Unformatted text preview:  8 = 1
5y = 7
7
y=
5 In this case the two solutions are y = or
or
or 5y  8 = 1
5y = 9
9
y=
5 7
9
and y = .
5
5
[Return to Problems] Now, let’s take a look at how to deal with equations for which b is zero or negative. We’ll do this
with an example. Example 2 Solve each of the following.
(a) 10 x  3 = 0
(b) 5 x + 9 = 3
Solution
(a) Let’s approach this one from a geometric standpoint. This is saying that the quantity in the
absolute value bars has a distance of zero from the origin. There is only one number that has the
property and that is zero itself. So, we must have, 10 x  3 = 0 Þ x= 3
10 In this case we get a single solution.
(b) Now, in this case let’s recall that we noted at the start of this section that p ³ 0 . In other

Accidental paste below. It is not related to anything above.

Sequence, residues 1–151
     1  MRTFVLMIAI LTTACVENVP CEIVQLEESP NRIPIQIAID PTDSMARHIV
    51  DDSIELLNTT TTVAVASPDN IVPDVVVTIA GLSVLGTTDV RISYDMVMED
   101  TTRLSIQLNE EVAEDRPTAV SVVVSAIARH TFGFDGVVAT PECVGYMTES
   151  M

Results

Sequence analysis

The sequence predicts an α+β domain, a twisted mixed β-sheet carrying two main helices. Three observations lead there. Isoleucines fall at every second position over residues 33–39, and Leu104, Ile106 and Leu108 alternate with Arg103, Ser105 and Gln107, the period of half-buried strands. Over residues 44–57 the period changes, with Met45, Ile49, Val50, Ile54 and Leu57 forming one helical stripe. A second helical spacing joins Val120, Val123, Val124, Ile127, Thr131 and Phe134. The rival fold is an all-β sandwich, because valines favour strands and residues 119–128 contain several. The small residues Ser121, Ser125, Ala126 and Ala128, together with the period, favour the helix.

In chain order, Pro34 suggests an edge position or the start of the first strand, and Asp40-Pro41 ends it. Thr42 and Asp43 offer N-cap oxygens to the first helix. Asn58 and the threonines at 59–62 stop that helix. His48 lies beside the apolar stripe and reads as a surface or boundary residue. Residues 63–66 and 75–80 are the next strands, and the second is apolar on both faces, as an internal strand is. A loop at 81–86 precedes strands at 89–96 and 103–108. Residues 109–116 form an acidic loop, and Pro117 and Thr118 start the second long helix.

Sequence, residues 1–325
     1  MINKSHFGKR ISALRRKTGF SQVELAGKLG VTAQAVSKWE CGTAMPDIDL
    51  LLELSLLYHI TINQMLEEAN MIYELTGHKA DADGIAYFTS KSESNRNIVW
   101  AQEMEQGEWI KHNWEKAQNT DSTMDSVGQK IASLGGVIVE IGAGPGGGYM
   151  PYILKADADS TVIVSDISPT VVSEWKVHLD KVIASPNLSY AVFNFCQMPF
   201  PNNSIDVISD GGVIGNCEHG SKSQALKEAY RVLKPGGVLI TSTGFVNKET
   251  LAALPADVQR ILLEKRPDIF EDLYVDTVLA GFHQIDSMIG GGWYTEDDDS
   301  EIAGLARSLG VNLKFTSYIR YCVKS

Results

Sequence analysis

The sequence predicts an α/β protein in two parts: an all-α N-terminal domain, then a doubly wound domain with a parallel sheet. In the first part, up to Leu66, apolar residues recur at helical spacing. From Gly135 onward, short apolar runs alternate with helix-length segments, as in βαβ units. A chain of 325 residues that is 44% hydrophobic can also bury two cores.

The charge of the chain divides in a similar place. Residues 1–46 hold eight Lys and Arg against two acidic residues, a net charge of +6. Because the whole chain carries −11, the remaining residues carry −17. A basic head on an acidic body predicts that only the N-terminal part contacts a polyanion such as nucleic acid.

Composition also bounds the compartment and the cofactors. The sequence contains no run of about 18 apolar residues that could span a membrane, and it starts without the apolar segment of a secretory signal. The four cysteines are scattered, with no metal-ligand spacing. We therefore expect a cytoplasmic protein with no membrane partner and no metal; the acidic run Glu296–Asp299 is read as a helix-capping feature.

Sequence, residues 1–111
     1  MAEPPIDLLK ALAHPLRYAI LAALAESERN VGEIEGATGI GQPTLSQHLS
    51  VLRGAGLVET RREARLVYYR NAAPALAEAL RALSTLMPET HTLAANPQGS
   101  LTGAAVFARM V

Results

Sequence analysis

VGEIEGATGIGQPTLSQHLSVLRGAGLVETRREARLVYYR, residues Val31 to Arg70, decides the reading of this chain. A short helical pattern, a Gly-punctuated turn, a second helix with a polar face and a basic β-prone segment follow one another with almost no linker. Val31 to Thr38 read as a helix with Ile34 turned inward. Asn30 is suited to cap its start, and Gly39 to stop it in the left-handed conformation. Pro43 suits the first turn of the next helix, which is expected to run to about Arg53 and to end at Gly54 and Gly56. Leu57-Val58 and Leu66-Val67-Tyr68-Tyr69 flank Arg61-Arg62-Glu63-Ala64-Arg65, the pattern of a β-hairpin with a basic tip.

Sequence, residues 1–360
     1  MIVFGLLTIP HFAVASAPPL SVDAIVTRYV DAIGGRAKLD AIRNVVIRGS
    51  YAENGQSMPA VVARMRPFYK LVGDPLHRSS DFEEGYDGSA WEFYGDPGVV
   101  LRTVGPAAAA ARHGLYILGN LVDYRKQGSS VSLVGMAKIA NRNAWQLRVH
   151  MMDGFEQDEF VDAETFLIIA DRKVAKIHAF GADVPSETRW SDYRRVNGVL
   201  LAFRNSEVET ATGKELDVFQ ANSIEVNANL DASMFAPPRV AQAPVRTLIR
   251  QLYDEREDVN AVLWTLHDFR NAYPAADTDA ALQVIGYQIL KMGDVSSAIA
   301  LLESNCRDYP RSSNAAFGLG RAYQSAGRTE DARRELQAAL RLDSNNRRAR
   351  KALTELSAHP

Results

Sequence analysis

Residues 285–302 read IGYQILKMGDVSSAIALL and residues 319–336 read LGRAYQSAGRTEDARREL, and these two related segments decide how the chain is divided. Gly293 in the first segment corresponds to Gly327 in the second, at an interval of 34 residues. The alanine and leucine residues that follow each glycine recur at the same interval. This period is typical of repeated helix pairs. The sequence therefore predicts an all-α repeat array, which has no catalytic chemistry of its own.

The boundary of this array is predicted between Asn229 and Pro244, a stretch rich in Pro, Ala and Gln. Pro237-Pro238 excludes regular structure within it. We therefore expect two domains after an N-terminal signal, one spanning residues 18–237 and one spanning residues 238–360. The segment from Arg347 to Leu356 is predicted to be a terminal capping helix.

words, we can’t get a negative value out of the absolute value. That is exactly what this equation
is saying however. Since this isn’t possible that means there is no solution to this equation.
So, summarizing we can see that if b is zero then we can just drop the absolute value bars and
solve the equation. Likewise, if b is negative then there will be no solution to the equation.
To this point we’ve only looked at equatio...
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This note was uploaded on 06/06/2012 for the course ICT 4 taught by Professor Mrvinh during the Spring '12 term at Hanoi University of Technology.
 Spring '12
 MrVinh

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